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- Sharon H., Teacher
- Stonyfell, Australia
Tapestry Teacher Resources
Find Tapestry educational ideas and activities
Students design a project for the aspects of a Medieval Age society. In this Middle Ages lesson, students create a project using the given links to explore the society of the Middle Ages. Students create tapestries, read Medieval romance literature, investigate the life of peasants, knights, and explore the Bubonic Plague.
Created by Jim Burke, this packet contains several activities to borrow for your unit on The Odyssey. Lots of graphic organizers and strategically phrased questions require readers to ask questions, record textual evidence, and describe components of the text (character, plot, etc.).
Using the variety of videos, articles, and other materials provided here, class members explore the importance of monuments, historical narratives, and shared memory. After reading and participating in a Socratic seminar, pupils choose a monument to research, write a paper about, and re-represent either with description or an actual physical product. An involved project that requires critical and creative historical thinking.
Upper graders explore the concepts of landscape art, man, nature and their inter-relationship. This is a critical thinking and analysis activity intended to prepare the class for an up coming trip to a local art museum. They analyze, discuss, explore, and write about the pieces they are going to see at the museum. The ideas in this activity can be adapted to fit other exhibits.
Fourth graders experience the excitement and diversity of the great Faires of the Middle Ages. This unique series of lessons allows learners to intimately investigate the colorful era of the Middle Ages. This cross-curricular lesson has pupils engage in math, science, art, music, and performance activities. An impressive array of worksheets and activities are embedded in this series of lessons. Outstanding!
An excellent series of five lessons on China awaits you and your young geographers. In these lessons, learners engage in hands-on activities, watch streamed video, access websites, and complete activities in cooperative groups in order to gain a new understanding of this fascinating country. A fabulous collection of lessons!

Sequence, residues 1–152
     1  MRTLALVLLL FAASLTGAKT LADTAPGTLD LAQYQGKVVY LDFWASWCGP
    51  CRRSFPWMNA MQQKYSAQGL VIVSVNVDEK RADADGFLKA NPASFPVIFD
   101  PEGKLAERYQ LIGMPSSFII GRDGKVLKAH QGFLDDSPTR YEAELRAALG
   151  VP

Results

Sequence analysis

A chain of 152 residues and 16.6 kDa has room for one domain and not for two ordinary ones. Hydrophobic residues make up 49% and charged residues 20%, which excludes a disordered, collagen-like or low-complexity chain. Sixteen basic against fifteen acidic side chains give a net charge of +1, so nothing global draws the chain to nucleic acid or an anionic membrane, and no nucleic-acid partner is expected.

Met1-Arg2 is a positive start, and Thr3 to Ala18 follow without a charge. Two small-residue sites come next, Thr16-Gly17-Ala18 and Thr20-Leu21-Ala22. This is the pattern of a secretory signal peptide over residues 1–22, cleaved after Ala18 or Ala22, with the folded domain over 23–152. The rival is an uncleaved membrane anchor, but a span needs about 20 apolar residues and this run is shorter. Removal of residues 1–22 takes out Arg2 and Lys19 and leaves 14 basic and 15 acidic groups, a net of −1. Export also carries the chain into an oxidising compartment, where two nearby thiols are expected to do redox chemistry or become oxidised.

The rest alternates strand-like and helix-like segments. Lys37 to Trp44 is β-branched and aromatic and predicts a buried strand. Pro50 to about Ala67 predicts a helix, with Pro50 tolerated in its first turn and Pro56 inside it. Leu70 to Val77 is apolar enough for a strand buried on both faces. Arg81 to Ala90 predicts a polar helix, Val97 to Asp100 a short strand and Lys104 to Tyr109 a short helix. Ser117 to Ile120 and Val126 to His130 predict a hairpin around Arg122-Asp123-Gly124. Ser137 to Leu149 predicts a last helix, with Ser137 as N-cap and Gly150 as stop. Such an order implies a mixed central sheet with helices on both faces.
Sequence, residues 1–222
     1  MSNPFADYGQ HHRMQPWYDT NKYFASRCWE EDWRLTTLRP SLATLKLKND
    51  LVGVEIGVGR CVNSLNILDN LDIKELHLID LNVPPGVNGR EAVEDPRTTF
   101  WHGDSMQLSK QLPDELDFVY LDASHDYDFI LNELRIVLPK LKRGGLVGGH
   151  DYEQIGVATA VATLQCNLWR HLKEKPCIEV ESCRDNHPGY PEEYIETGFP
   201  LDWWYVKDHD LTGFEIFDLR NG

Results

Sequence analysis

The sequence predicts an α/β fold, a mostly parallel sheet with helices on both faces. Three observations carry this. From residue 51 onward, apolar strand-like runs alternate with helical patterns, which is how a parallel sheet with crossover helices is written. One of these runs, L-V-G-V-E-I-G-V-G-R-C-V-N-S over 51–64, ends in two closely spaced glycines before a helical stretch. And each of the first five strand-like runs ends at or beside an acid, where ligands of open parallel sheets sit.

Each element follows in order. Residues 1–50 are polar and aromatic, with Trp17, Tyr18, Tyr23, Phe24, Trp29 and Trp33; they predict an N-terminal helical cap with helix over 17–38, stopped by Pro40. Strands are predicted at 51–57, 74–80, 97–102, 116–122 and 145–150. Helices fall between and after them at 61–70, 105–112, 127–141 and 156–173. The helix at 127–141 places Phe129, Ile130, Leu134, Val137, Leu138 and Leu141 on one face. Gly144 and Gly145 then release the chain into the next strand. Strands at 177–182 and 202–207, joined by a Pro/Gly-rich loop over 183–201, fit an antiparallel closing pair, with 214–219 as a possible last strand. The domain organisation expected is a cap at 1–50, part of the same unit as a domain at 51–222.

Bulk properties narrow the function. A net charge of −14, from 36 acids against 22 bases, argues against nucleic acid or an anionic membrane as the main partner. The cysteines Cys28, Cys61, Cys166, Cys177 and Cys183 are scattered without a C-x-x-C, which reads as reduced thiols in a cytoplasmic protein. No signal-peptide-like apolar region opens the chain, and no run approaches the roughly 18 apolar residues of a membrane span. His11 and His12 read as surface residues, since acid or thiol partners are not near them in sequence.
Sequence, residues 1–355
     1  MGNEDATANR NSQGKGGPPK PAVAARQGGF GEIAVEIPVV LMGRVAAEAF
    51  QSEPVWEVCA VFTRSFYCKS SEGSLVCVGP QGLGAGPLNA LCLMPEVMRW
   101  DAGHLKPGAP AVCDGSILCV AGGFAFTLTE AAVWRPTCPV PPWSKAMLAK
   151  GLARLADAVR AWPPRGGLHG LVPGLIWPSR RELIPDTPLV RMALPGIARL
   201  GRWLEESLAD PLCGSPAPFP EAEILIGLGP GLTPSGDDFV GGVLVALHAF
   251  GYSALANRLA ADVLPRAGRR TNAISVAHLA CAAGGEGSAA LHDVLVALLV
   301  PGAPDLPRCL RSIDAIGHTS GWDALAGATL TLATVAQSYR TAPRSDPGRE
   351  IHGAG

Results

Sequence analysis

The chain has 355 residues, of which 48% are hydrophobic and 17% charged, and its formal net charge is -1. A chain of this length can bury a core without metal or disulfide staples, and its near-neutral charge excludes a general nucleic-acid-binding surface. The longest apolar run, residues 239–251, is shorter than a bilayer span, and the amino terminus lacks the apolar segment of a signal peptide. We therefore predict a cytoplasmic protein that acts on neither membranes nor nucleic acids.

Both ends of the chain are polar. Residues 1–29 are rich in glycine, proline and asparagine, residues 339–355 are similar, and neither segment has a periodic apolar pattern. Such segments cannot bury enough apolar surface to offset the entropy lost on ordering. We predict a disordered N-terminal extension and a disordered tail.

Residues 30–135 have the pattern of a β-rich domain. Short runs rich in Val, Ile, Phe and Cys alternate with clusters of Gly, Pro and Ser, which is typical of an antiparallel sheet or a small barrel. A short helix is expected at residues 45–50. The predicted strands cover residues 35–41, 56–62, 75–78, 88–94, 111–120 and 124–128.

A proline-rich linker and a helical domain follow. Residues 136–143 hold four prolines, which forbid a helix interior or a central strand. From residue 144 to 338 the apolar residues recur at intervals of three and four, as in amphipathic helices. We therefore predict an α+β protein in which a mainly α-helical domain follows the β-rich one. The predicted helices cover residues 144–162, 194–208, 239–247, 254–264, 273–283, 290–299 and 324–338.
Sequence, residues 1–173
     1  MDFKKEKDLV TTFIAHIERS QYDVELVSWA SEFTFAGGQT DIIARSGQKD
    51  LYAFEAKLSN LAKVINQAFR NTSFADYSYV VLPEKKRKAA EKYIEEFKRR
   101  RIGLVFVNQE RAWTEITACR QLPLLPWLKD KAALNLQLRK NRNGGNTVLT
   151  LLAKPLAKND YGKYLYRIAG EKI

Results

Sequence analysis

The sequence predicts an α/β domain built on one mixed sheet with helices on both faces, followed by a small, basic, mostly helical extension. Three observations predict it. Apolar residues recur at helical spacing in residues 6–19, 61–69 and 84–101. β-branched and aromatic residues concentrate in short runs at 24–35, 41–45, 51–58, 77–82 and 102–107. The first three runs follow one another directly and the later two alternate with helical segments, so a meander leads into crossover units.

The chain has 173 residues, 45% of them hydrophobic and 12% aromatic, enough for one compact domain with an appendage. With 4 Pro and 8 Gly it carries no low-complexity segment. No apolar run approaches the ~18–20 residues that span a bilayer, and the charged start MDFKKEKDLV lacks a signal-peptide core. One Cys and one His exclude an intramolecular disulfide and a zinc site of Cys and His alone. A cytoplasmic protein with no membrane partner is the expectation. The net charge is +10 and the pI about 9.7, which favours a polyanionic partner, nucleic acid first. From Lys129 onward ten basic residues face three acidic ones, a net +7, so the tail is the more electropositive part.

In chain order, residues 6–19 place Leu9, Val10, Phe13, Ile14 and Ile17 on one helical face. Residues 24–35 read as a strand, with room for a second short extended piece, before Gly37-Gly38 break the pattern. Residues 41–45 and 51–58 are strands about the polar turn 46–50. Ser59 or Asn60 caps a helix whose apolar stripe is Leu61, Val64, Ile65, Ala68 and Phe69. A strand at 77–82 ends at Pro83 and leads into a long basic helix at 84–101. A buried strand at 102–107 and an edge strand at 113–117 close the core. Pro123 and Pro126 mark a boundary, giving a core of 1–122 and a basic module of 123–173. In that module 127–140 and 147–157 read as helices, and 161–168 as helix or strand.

How are British English and American English different? Start by watching the rap battle video (attached). It is truly funny, and your kids are sure to enjoy the humor. Then, included in the packet are several short activities to build vocabulary. A transcript of the rap is also included. Don't worry, it is entirely appropriate for your middle schoolers!
“The Gambler” and “The Journey” offer readers an opportunity to experience two very different views of Jewish life in Poland between WWI and WWII. Whether used as a part of a study of the Holocaust, or as a compare/contrast exercise, the stories, discussion questions, vocabulary lists, biographical information and activities make for a powerful learning experience.
As the saying goes: there are no new stories. Standard 9 for reading literature in the Common Core addresses this fact and requires that young scholars be able to analyze how authors use the themes, stories, and characters of earlier works. Like other lessons from this source, the instructional activity includes several pairings of texts that can be used to practice this skill with your class. After reviewing a couple sample pairings with your pupils, discussing what aspects they have in common as well as how they differ from one another, individuals can take the included multiple choice quizzes. The questions and discussion prompts do a great job of drawing students' attention to the details of the text and to supporting their analysis.
Introduce the art and sensibility of the Italian Rennaissance with a look at Madonna of the Chair by Raphael. Third graders will discuss their observations of the piece, and then create art inspired by Raphael. There are eight engaging activities that require learners to draw, paint, and write like the masters. Note: Because the painting is religious in nature it may not be appropriate for all school settings.
Students read and analyze William Faulkner's novel, 'As I Lay Dying.' They define Faulkner's place in American literary history, describe Faulkner's "South" in the context of the historical South and examine the Bundren family through the subjective evidence provided by a multiplicity of characters.
Cricket Song is a story that describe the world of slavery through the eyes of a small child. Vivid language and sensory detail are there for the taking as your class uses the rich language to inspire their writing. They read the story and then write a short paragraph describing a series of recorded sounds. The story and additional resources are included.